Sleep deprivation is to blame for almost 100,000 motor vehicle accidents and 1,550 fatalities per year in the United States, according to the National Highway Traffic Safety Administration (NHTSA). Twenty percent of truck drivers had excessive daytime sleepiness, and 29 percent were at risk for suffering from sleep apnea. Thirty six percent admitted to having near miss accidents of which nearly half were sleep-related.
Most sleep-related crashes are serious because a person asleep at the wheel is unable to prevent the crash from occurring. Unfortunately, sleep-related crashes frequently occur on highways, and thus at high speeds. Fatigue caused by sleep deprivation may also be responsible for up to 56 percent of crashes involving commercial truck drivers.
Sleep deprivation is a common consequence of certain lifestyles choices, including how one makes a living. Unfortunately, the nature of long-haul truck driving can contribute to sleep deprivation and fatigue. Driving late at night, driving a large number of miles, and driving for three or more hours at once are all factors that contribute to sleep deprivation. According to one study, long-haul truck drivers average little more than five hours of sleep per night.
Commercial truck drivers are at a particular risk for sleep deprivation-related accidents. Truck drivers often work long hours and drive late into the night or early in the morning. Strict deadlines often compel drivers to ignore drowsiness or to use legal and illegal stimulants that may impair their ability to safely operate a vehicle. Any of these factors can cause the driver to lose control of the huge vehicle and cause a devastating accident.
The use of antidepressants is directly related to vehicle accidents. Sleep-related disorders also have a strong effect on the incidence of driving accidents: many physicians feel that commercial drivers should be assessed for sleep-related fatigue disorders before providing them with their trucker’s license.
The high incidence of sleep deprived truck driver crashes led the federal agency in charge of commercial drivers (The Federal Motor Carrier Safety Administration), to enact new rules in July of 2013. In short (and depending upon the nature of the trucking operation) these regulations require the following:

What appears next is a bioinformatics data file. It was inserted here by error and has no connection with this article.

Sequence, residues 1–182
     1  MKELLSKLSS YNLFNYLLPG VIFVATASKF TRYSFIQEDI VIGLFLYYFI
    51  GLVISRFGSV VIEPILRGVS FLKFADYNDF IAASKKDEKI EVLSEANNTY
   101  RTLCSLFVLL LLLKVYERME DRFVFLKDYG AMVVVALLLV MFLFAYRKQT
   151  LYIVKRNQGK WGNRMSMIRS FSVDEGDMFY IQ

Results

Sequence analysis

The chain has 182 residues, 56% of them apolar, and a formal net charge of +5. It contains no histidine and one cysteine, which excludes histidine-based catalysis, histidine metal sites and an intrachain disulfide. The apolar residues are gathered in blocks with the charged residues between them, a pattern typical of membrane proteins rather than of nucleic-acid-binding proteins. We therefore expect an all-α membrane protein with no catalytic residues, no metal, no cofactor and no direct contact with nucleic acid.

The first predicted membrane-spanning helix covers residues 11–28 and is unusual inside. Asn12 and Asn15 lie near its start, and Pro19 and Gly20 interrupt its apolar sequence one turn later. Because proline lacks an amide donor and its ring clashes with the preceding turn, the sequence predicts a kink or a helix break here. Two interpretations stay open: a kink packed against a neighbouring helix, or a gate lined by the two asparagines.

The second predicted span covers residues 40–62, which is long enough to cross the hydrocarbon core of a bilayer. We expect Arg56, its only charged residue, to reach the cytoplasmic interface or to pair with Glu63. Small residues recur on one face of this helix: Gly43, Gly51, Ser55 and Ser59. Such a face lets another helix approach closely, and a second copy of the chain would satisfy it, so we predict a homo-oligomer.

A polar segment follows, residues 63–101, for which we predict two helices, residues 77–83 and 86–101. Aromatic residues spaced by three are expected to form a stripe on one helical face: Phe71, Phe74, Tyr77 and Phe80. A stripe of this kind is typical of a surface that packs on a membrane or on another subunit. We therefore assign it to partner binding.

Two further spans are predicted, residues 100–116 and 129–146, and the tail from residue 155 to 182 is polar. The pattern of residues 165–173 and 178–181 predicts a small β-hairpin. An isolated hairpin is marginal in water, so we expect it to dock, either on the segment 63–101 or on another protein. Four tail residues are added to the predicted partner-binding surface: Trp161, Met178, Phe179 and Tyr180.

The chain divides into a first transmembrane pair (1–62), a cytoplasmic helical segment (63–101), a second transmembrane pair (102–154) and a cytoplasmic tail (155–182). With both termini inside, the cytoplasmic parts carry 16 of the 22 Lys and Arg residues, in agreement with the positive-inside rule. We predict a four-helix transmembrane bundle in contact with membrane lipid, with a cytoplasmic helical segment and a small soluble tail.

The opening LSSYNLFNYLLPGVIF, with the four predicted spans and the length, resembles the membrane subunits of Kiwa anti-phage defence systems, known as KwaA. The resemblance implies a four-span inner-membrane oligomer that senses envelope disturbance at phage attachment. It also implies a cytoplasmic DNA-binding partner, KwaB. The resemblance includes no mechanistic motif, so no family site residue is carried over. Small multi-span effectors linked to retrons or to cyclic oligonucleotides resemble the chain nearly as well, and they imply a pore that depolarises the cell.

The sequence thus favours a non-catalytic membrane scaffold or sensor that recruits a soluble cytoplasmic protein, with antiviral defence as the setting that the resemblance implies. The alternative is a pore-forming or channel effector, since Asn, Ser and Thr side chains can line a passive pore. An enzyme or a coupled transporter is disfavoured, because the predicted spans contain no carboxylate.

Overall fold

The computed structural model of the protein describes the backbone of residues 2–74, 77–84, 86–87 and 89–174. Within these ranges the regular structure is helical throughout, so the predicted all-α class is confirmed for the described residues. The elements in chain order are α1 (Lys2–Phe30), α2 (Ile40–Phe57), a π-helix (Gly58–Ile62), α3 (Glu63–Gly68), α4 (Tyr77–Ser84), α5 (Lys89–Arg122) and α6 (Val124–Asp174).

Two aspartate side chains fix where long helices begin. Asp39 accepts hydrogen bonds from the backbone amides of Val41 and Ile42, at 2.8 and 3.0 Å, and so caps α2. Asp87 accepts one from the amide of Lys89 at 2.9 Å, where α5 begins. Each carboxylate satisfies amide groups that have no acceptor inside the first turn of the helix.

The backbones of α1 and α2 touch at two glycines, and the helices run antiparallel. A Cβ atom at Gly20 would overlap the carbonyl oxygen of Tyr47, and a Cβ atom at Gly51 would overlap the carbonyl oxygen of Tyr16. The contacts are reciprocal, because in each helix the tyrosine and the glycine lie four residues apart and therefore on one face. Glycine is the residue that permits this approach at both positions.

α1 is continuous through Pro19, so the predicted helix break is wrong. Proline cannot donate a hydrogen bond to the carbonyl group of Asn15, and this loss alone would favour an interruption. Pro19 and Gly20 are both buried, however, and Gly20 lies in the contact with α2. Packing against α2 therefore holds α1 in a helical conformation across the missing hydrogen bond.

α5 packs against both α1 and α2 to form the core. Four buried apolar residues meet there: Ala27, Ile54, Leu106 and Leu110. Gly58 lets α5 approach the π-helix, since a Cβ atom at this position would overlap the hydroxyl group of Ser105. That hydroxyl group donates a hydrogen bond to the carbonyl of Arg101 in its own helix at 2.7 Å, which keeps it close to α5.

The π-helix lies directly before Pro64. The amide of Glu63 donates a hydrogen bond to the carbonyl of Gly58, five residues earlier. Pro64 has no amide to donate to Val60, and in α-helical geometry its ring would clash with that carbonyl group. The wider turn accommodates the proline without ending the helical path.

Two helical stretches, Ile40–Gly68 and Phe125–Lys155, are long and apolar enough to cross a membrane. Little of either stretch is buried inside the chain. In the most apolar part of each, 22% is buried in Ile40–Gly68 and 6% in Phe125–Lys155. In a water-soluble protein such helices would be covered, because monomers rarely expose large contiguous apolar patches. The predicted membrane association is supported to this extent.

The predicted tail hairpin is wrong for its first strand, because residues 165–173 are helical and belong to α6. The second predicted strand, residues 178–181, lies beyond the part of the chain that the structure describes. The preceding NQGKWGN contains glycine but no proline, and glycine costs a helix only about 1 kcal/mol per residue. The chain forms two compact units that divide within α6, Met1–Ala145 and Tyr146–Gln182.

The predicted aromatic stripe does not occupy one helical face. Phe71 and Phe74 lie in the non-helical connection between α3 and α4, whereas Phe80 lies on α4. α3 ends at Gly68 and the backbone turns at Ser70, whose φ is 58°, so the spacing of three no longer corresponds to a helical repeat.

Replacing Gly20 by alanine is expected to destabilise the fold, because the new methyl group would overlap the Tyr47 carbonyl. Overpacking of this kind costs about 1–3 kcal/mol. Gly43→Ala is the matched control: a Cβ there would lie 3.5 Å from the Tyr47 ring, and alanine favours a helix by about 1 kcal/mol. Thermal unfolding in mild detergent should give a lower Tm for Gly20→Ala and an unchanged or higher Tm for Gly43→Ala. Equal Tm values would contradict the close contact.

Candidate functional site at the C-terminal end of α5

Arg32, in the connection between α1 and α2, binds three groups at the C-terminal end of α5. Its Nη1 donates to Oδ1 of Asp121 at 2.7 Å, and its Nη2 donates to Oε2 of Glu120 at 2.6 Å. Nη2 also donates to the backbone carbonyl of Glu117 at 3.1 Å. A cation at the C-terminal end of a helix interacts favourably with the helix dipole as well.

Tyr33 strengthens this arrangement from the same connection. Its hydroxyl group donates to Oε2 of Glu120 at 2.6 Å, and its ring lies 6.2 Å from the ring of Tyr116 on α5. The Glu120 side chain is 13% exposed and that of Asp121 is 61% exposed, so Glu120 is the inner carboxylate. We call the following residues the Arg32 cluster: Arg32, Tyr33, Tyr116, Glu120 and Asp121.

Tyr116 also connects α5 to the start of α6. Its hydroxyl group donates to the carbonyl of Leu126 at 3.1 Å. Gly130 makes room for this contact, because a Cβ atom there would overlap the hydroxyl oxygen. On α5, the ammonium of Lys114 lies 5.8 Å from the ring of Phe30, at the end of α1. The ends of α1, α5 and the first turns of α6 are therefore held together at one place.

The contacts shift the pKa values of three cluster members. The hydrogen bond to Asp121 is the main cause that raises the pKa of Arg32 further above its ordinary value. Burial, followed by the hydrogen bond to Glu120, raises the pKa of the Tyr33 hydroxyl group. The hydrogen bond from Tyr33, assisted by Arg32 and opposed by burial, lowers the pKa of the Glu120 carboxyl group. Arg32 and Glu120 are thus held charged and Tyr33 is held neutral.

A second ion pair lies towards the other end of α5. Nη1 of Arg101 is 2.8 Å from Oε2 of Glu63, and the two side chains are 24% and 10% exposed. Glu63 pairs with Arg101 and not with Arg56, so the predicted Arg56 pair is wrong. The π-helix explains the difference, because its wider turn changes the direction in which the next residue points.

- Once a trucker reports on duty, they can work / drive for a maximum of a 14 hour shift before being required to go off duty or into the sleeper “berth” (sleeping portion of their truck cab) for 10 hours
- During this 14 hour shift, the trucker is not allowed to operate their big rig for more than 11 hours.
- Truckers cannot drive more than 60 hours in any 7 day period or 70 hours in any 8 day work period
It is never easy to prove that a traffic collision between a tractor trailer and another car, truck or passenger vehicle was caused by a sleepy truck driver. Drivers rarely admit that they were fatigued prior to the crash. Likewise, due to the adrenaline rush following such a calamity, it isn’t easy for investigating officers from the State Highway Patrol or other agencies to detect that a driver was sleepy prior to the crash. The role of a personal injury lawyer is to get to the truth by analyzing the physical evidence at the scene; the trucking logs, company policies and procedures on driving, fleet training and various other information. An accident attorney can employ experts to determine if there is evidence of such as a lack of evidence of any braking just prior to impact, a violation of regulations regarding sleep, a failure to attempt to avoid the crash and many other indications of a sleepy truck driver. This makes it crucial to consult and retain an attorney familiar with trucking accidents to have your best chance of finding maximum liability on the trucking company or independent truck driver.